Using NFS for Offline Data Transfer - AWS Snowcone User Guide

Using NFS for Offline Data Transfer


The NFS Interface for Snowball Edge devices is only available on NFS based data transfer type jobs. This is only available if specified at job creation. Do keep in mind that the other Snow interfaces (S3 interface, File Interface, etc) will not be available when selecting this transfer type.

Your Snow Family device contains a file interface that provides access to the internal device storage. To import your data offline to Amazon S3 with your Snow Family device, you connect the device to your on-premises network and then use AWS OpsHub to unlock it. You can copy data from on-premises storage devices to the Snow Family device through the NFS file interface.

After you copy the data to the Snow Family device, the E Ink shipping label will be updated to ensure that the device is automatically sent to the correct AWS facility. You can track the Snow Family device by using Amazon SNS generated text messages or emails, and the console. For information about AWS OpsHub, see Using AWS OpsHub for Snow Family to Manage Devices.


File names are object keys in your local S3 bucket on the Snow Family device. The key name is a sequence of Unicode characters whose UTF-8 encoding is at most 1,024 bytes long. We recommend using NFSv4.1 where possible and encode file names with Unicode UTF-8 to ensure a successful data import. File names that are not encoded with UTF-8 might not be uploaded to S3 or might be uploaded to S3 with a different file name depending on the NFS encoding you use.

Ensure that the maximum length of your file path is less than 1024 characters. Snow Family Devices do not support file paths that are greater that 1024 characters. Exceeding this file path length will result in file import errors.

For more information, see Object keys in the Amazon Simple Storage Service User Guide.

You can transfer up to 8 TB with a single Snowcone device and transfer larger datasets with multiple devices, either in parallel, or sequentially. For example, you can transfer 24 TB of data with three Snowcone devices. For larger data transfers jobs, you can use the Snowball Edge Storage Optimized device. You can transfer up to 80 TB with a single Snowball Edge Storage Optimized device and transfer larger datasets with multiple devices, either in parallel, or sequentially.

  • You can provide CIDR blocks for IP ranges that are allowed to mount the NFS shares exposed by the device. For example, If you don't provide allowed CIDR blocks, all mount requests will be denied. For details, see Restricting Access to NFS Shares When NFS is Running.

  • Be aware that data transferred through NFS is not encrypted in transit.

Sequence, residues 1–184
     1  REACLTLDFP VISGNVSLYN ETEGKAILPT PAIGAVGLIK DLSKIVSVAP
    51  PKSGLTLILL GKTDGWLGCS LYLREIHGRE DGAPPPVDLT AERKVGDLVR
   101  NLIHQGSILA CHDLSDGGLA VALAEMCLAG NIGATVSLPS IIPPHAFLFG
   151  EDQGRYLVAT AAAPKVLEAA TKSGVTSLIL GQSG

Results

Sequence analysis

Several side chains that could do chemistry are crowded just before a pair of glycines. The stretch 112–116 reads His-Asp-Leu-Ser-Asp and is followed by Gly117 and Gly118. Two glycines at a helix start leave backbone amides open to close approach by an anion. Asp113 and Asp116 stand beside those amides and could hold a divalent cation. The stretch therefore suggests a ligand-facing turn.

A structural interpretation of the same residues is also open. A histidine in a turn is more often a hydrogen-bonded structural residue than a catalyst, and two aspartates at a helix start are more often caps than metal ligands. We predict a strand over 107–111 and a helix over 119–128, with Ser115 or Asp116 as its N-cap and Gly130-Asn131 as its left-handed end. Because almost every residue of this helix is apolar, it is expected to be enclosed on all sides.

• Other than the allowed hosts by CIDR blocks, your Snow Family device doesn't provide an authentication or authorization mechanism for the NFS shares.

  • For local compute jobs, the device doesn't ship with NFS configure on it so your data will not be imported into Amazon S3.

Troubleshooting NFS Issues

The following are errors you might encounter when using NFS on Snow Family devices.

I Get a DEACTIVATED error message

You get this message if you turn off your Snow Family device without first stopping the NFS service. The next time you start NFS, it might fail with a DEACTIVATED error message.

For example: Starting the service on your Snowball Edge.

snowballEdge start-service --service-id nfs --virtual-network-interface-arns arn:aws:snowball-device:::interface/

You can determine the status of the service by using the describe-service command.

snowballEdge describe-service --service-id nfs { "ServiceId" : "nfs", "Status" : { "State" : "DEACTIVATED" } }

How To Correct the Issue

To correct the problem, stop and restart the NFS service using the following steps.

Step 1: Use the describe-service command to determine the status of the service:

snowballEdge describe-service --service-id nfs { "ServiceId" : "nfs", "Status" : { "State" : "DEACTIVATED" } }

Step 2: Use the stop-service command to stop the NFS service:

snowballEdge stop-service --service-id nfs --profile 11

Step 3: Use the start-service command to start the NFS service normally:

snowballEdge start-service --virtual-network-interface-arns arn:aws:snowball-device:::interface/ --service-id nfs --service-configuration AllowedHosts= --profile 11

Step 4: Use the describe-service command to make sure the service is ACTIVE:

snowballEdge describe-service --service-id nfs

{ "ServiceId" : "nfs", "Status" : { "State" : "ACTIVE" }, "Endpoints" : [ { "Protocol" : "nfs", "Port" : 2049, "Host" : "" } ], "ServiceConfiguration" : { "AllowedHosts" : [ "", "", "" ] } }